Finland’s government has provisionally agreed to provide a state guarantee of up to €600 million to assist flag-carrier Finnair, although the measure still needs parliamentary consent.

Its economic policy committee met to consider the guarantee on 19 March.

Finnair is state-controlled, with nearly 56% of the carrier owned by the government. The minister for ownership steering, Tytti Tuppurainen, says the government is a “responsible owner” and the situation is such that the state “must support” Finnair.

“The company maintains the route connections that are very important for Finland’s security of supply, freight and passenger traffic, and the company has a significant impact on our economy,” she adds.

“We want to make sure that Finnair’s operations are not interrupted.”

The government says Finnair is preparing for the possibility of having to borrow occupational pensions to secure additional funding if other sources of financing become unavailable, and is applying for a state guarantee in lieu of normal bank guarantees.

Finnair chief executive Topi Manner says the air transport industry is dealing with the “biggest crisis” in its history.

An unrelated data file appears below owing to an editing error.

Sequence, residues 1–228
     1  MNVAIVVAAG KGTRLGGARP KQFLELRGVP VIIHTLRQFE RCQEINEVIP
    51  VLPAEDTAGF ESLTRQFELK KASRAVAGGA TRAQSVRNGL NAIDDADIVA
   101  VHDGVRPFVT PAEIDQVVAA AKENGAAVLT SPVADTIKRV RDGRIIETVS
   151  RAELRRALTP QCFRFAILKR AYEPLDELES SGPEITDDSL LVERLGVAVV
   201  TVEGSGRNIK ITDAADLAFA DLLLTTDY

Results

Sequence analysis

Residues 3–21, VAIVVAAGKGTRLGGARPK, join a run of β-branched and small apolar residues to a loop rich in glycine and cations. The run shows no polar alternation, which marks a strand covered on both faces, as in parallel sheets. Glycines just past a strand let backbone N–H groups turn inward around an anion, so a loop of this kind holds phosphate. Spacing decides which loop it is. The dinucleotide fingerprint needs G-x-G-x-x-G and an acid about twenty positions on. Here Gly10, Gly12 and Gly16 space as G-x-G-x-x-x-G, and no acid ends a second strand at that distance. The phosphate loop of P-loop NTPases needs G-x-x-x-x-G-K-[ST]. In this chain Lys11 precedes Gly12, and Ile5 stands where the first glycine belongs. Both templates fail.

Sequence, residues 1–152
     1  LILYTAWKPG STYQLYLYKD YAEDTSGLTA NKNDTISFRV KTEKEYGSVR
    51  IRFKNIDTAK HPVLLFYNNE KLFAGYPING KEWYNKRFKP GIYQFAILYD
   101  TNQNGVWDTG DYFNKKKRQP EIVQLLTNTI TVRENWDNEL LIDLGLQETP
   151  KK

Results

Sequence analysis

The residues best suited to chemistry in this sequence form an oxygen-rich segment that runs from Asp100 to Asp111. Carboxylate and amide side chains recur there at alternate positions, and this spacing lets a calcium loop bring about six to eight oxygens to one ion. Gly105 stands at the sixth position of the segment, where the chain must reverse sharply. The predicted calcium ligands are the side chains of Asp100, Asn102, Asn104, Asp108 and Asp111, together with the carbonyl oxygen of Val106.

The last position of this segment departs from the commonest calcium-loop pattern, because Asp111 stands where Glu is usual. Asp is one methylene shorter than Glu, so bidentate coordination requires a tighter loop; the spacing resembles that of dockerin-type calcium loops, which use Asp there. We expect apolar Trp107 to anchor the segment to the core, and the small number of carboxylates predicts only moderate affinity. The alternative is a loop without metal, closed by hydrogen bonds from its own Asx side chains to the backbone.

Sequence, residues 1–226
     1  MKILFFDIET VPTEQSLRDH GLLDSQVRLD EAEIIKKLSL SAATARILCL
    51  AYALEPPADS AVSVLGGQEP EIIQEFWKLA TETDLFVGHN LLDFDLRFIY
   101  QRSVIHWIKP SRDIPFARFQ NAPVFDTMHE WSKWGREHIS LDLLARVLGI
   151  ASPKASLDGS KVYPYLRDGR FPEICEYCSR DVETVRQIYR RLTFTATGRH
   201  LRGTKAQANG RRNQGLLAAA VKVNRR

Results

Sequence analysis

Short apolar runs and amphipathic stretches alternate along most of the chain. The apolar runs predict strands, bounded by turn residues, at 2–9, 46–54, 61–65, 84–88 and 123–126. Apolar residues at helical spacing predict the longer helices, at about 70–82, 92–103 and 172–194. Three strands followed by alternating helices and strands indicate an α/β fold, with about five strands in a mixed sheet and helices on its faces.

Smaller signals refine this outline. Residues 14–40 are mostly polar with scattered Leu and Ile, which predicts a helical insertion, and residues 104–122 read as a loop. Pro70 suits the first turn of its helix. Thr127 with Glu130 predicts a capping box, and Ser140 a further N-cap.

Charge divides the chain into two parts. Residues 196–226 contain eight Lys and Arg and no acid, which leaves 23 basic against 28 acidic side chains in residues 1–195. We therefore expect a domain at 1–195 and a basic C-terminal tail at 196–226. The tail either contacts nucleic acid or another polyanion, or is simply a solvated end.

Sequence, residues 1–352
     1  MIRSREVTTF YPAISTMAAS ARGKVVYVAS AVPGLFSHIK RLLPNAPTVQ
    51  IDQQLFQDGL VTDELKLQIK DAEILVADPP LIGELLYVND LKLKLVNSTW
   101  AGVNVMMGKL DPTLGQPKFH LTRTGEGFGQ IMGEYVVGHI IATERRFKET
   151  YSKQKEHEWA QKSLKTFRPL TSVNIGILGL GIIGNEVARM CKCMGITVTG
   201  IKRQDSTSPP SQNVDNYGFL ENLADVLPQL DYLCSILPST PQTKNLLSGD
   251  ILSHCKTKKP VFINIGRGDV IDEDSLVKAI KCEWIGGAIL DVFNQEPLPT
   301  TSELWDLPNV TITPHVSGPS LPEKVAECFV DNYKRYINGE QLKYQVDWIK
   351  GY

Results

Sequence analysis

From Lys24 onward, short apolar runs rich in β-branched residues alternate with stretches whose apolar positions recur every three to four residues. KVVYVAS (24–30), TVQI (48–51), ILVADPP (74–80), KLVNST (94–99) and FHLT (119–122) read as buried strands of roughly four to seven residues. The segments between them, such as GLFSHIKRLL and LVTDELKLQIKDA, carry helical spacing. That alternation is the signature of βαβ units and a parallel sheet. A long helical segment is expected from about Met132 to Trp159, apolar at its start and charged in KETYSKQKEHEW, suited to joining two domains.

But he insists the airline is “among the strongest”, with strong cash and balance-sheet positions, and the financing plan is intended to stabilise the company in preparation for resuming normal services.

Finnair says it has already taken steps to implement a funding plan which includes a revolving credit facility of €175 million and sale-and-lease of unencumbered aircraft. The plan also involves a €600 million statutory pension premium loan, the subject of the government guarantee.

“With the state guarantee, Finnair aims to further solidify its cash position and business continuity even if the coronavirus situation prevails longer than currently anticipated,” the airline says.